There are a few simple things you can check to see if an email is from a legitimate sender or not:
1. Have a look at the sender address - The most common fraudulent emails look genuine but when examined more closely, you'll find that although the Display name for the address might look legitimate, the actual address it was sent from is not quite right or from an unexpected location (.br = brazil)
Further to this, be on the lookout for lookalike domains (missing or substituted characters, using 'rn' instead of an 'm' are all quite common); for example firstname.lastname@example.org is legitimate, while email@example.com is not.
2. Is the email asking for money? - Often fraudsters are simply after your money, and they'd like it as fast as possible. These emails often appear to be coming from someone high up in the company (A CEO or director whose information is publicly available on LinkedIn, for example) and is addressed to someone in finance (also often gotten from LinkedIn et al.) asking for a money transfer to be completed asap. If you ever receive an email asking for money, it's always wise to verify this with the sender using an alternative means of communication that is initiated by you (A phone call for example).
3. Is the email offering you money? - Often when an offer looks too good to be true, it is. If you receive an email offering you money in return for filling in an innocent looking form, or otherwise giving them your personal information; it's likely this is a phishing email.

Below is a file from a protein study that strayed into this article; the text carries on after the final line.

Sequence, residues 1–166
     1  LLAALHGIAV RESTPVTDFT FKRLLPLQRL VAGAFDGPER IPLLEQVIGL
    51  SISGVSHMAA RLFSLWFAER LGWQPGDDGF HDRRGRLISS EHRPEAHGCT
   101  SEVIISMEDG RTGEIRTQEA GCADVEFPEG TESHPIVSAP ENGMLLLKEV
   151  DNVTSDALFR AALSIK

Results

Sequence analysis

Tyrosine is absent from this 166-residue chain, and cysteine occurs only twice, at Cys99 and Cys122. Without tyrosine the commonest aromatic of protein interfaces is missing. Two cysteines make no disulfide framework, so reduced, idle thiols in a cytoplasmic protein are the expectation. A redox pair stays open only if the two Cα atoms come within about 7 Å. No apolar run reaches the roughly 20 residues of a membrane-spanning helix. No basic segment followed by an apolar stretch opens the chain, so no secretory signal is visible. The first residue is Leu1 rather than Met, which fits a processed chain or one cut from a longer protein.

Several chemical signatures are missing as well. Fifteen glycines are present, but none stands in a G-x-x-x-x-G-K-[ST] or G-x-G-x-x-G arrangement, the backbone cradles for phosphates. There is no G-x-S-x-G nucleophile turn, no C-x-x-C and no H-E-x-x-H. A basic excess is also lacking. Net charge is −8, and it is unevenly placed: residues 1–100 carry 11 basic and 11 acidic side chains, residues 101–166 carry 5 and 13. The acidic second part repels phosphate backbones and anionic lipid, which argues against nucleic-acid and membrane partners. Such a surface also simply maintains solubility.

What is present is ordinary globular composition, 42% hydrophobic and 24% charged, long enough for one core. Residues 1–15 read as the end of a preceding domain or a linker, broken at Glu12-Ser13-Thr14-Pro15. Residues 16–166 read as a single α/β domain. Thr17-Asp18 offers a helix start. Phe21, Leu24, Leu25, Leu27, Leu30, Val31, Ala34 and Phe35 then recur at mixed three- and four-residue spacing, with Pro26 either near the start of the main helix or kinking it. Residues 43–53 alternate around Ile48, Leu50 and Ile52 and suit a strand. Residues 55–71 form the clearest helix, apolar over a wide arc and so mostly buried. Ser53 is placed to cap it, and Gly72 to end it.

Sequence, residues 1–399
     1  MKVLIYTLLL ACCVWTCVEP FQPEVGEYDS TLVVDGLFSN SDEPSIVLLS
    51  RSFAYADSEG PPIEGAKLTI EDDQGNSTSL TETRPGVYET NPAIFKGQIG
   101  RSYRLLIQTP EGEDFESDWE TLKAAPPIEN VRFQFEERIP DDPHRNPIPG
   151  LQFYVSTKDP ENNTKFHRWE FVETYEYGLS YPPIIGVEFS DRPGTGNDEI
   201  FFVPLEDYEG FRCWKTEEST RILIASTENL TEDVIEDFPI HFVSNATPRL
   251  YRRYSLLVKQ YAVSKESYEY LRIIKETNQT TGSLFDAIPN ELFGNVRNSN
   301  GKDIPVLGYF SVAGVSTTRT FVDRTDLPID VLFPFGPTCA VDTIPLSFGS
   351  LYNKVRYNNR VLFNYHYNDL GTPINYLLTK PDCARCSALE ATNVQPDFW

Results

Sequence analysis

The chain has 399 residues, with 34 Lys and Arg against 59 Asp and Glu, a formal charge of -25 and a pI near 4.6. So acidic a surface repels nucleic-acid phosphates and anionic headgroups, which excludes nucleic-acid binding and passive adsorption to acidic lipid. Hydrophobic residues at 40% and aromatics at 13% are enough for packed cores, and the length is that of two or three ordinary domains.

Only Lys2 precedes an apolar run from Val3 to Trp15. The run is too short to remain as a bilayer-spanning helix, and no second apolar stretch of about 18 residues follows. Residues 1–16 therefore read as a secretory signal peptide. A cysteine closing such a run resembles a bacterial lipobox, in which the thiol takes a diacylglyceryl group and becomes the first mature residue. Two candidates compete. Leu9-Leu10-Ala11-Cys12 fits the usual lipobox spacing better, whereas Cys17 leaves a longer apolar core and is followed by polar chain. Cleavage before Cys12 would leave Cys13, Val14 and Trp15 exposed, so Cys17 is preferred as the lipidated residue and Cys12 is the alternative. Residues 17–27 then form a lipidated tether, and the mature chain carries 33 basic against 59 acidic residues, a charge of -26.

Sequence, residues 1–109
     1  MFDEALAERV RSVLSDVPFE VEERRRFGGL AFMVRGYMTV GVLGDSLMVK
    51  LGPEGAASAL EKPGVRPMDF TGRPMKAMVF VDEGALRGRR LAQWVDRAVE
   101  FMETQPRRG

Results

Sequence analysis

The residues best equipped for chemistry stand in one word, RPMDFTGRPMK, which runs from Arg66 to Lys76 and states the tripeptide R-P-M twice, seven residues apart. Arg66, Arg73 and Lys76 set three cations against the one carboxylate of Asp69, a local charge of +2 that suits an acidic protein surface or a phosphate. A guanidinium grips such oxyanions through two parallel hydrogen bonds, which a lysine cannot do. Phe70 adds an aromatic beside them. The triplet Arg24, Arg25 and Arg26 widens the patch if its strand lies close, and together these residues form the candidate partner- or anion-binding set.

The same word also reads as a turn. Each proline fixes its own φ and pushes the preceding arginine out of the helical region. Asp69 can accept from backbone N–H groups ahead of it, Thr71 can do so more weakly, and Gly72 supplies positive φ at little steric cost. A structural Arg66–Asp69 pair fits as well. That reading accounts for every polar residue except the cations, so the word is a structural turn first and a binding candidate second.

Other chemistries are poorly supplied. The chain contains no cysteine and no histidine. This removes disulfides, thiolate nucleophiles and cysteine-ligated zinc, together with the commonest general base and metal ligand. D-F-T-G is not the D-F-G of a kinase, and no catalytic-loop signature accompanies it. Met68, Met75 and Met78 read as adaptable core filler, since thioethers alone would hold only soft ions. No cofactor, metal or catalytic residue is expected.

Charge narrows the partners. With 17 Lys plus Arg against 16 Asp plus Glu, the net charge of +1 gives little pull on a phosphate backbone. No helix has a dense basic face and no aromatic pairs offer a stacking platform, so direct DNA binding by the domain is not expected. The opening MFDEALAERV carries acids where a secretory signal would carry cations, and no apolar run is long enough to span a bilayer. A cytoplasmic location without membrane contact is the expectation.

4. Does the email contain unsolicited attachments or links to websites? - If an email is unexpected, you should think twice before opening attachments or clicking links as its often very difficult to tell from appearances alone if it will cause harm to your system by downloading/installing malware. You can check if a link goes to where it claims to by hovering your cursor over it (for example, if you check the bottom left corner of the screen, www.spidergroup.co.uk does not actually go to its advertised location) - make sure that you only click a link you KNOW is legitimate.
5. Is the email asking for personal information or log in details? - If you get an email from your bank asking for you to verify your identity by providing them with personal information such as (Name, DOB, Account Number, Online banking log in details, the name of your cat etc) this is very likely to be a phishing email. Most providers will never request such personal/private information especially if they have not been in touch with you prior to the email.
6. Check for recent website articles matching the email - Phishing emails are often sent out in batches of tens of thousands, if not more and are often reused. This means that someone else has likely seen the email before and written about it online. These. recent. articles. show how much information is out there if you think to have a quick search. Using the previous articles as an example, searching "Wannacry spam email" gives many, many similar articles
To many of you, this may all be common sense, and if that is the case, great! For the rest of you, I hope this has served to increase your awareness and help you detect fraudulent emails.
The best advise I can give you is to above all, trust your instincts. If something seems suspicious it often is.
If you are ever unsure, you can always give our SpiderTech team a quick call on 01179 330 570 or by emailing firstname.lastname@example.org.